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Never underestimate the importance of networking.
One day or another you will either benefit from it or you’ll be able to help others…and feel good about it.
Before I became a web designer, I was an IT manager. But long before all of that, my first job was working as a roadie for a young band. We all grew up together and this was in my teenage years.
Whilst my career went off in one direction, I’ve always kept in touch with the friends and contacts that I have made in the entertainment business.
Over the years, that network has grown. I love being able to connect people together to help them get to where they want to be.
One particular day, I had a phone call from my oldest friend,Craig Lees, who has now become a successful musician and lives in Berlin, Germany.
He was on holiday with his family in New York and he had decided to give me a call. I asked how the holiday was going, to which he replied “It’s great…but a little manic here…as New York always is”.
He then told me that he had finally found what he’d been searching for. I took this to mean only one thing. Back home in Berlin, he had been steadily building up his own recording studio. For the last two years, he had been trying to track down an elusive studio microphone. Not just any microphone mind. This thing was now out of production and very hard to find even on the second-hand market. It was manufactured by Sony and only had a limited run before Sony cancelled production. The reason was due to its ridiculously high price.
The Sony C800G Studio Microphone.
The Sony C800G is water-cooled and looks very much steampunk-like. But the sound it records is very high quality and is hard to match. And now Craig had found one in New York.
I asked him what the problem was if he had finally found what he’d been searching for?
His answer was obvious. He was worried that once he had paid a large sum of money for a second-hand microphone, he would get it back to Germany and find out that it was faulty.
I told him to get off the phone and that I would call him back within a few minutes.
He hung up and I made a call to a friend.
I called him back and told him to write down a phone number. If he decided to buy the microphone, he was to call that number. He wanted to know more. But I made my excuses, namely the cost of calling New York and hung up.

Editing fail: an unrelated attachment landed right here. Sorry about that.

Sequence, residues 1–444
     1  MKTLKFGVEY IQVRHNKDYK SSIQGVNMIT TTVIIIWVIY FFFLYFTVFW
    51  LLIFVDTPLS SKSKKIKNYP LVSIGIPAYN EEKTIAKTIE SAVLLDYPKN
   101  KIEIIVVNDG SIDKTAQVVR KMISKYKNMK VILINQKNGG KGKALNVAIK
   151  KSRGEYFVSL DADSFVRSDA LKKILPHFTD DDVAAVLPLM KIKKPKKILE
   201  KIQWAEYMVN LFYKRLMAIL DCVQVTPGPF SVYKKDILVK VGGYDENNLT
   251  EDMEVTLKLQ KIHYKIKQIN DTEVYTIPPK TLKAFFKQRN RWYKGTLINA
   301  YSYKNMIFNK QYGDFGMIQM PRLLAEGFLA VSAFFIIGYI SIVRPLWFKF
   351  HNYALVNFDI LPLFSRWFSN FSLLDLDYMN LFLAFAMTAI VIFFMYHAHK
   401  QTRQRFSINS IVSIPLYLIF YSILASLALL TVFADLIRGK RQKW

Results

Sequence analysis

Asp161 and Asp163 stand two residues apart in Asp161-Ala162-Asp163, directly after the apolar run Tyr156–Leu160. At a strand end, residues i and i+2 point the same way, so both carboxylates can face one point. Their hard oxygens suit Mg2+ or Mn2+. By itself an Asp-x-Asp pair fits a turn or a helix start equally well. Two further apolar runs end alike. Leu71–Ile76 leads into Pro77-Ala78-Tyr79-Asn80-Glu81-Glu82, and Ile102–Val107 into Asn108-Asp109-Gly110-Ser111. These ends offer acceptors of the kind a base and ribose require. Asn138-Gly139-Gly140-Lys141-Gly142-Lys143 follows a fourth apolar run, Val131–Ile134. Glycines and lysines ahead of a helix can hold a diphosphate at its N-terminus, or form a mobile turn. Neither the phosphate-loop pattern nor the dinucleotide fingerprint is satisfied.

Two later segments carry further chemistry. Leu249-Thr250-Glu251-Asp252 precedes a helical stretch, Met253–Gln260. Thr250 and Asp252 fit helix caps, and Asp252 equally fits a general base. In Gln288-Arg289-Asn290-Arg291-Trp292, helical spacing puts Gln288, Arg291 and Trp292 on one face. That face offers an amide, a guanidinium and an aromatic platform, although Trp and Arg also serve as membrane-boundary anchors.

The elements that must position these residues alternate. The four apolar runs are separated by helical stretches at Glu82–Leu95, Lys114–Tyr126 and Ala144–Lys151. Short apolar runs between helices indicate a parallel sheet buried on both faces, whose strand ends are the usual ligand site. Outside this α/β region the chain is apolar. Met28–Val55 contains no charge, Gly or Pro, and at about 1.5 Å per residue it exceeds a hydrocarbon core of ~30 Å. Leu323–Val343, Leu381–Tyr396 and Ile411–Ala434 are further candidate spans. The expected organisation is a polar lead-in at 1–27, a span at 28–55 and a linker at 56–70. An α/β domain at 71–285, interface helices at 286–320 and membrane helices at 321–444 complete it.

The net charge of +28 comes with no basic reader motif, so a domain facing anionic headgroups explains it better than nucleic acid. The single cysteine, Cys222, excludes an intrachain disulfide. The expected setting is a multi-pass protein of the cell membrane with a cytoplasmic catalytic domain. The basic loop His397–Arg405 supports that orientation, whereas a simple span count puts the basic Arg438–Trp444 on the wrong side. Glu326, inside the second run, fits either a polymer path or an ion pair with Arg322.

The following day, he went to go and look at the mic and decided to buy it. He called the number I had given him. During that call, he was told to get a cab to another part of New York. This he did and soon found himself being dropped off outside an anonymous-looking building on an anonymous street. He paid the cab driver and walked up to the door and pressed the buzzer.
A voice answered. He told them who he was and he was buzzed in. After a short, nervous wait in the very well-appointed reception area, a guy came down to greet him. “Hi, you’re the friend of Andy’s with the Sony mic for testing?”. “Err….yeah” said Craig.
“Ok, come on through, let’s get it checked out for you”. He was led into a recording studio and told to hand the mic over to a guy at the mixing desk. He in turn took it into the studio and started connecting it up. As Craig is very much into everything recording studio related, he was looking around feeling like a kid in a candy store.
The original guy asked him if he’d like to see the other recording suite? “Yes, please” came the quick reply. The next studio was far bigger and the mixing desk made Craig smile. When asked why he replied that it was the grand-daddy of his own mixing desk back in Berlin. They chatted away about all things recording studio related before heading back to the original recording suite. The guy there had completed his tests and said the C800G was in A1 condition. He then went on to give Craig advice on the best pre-amp to use with the microphone. Craig asked how much he owed them for testing the mic. They replied, “You’re a friend of Andy’s, so there’s no charge”. They said their goodbyes and Craig left to hail a cab back to his hotel.
A few months passed and I was visiting him in Berlin. In his studio, this weird-looking microphone stood and seemed very odd. We had a few laughs about it and he played me a track that he had recorded with it a few days previously. The sound was exquisite and worth every penny. But to this day, Craig still won’t tell me how much he paid for that microphone.
The moral of this story is to never underestimate the power of networking. One day or another you will either benefit from it or you’ll be able to help others…and feel good about it.
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